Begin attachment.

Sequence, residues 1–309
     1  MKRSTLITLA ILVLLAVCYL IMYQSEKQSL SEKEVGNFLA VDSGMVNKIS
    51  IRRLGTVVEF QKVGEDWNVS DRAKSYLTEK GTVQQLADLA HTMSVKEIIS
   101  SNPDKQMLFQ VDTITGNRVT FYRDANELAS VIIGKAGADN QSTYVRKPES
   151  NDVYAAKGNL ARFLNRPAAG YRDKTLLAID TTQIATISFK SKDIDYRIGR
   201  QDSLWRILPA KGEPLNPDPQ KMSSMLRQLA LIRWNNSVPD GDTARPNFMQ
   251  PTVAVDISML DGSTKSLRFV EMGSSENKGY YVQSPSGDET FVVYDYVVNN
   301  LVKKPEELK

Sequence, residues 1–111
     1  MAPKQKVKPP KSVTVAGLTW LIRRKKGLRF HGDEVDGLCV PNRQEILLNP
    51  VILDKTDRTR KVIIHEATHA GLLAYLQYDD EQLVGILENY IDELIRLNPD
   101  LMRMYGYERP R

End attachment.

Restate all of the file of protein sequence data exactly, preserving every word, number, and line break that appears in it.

Sequence, residues 1–309
     1  MKRSTLITLA ILVLLAVCYL IMYQSEKQSL SEKEVGNFLA VDSGMVNKIS
    51  IRRLGTVVEF QKVGEDWNVS DRAKSYLTEK GTVQQLADLA HTMSVKEIIS
   101  SNPDKQMLFQ VDTITGNRVT FYRDANELAS VIIGKAGADN QSTYVRKPES
   151  NDVYAAKGNL ARFLNRPAAG YRDKTLLAID TTQIATISFK SKDIDYRIGR
   201  QDSLWRILPA KGEPLNPDPQ KMSSMLRQLA LIRWNNSVPD GDTARPNFMQ
   251  PTVAVDISML DGSTKSLRFV EMGSSENKGY YVQSPSGDET FVVYDYVVNN
   301  LVKKPEELK

Sequence, residues 1–111
     1  MAPKQKVKPP KSVTVAGLTW LIRRKKGLRF HGDEVDGLCV PNRQEILLNP
    51  VILDKTDRTR KVIIHEATHA GLLAYLQYDD EQLVGILENY IDELIRLNPD
   101  LMRMYGYERP R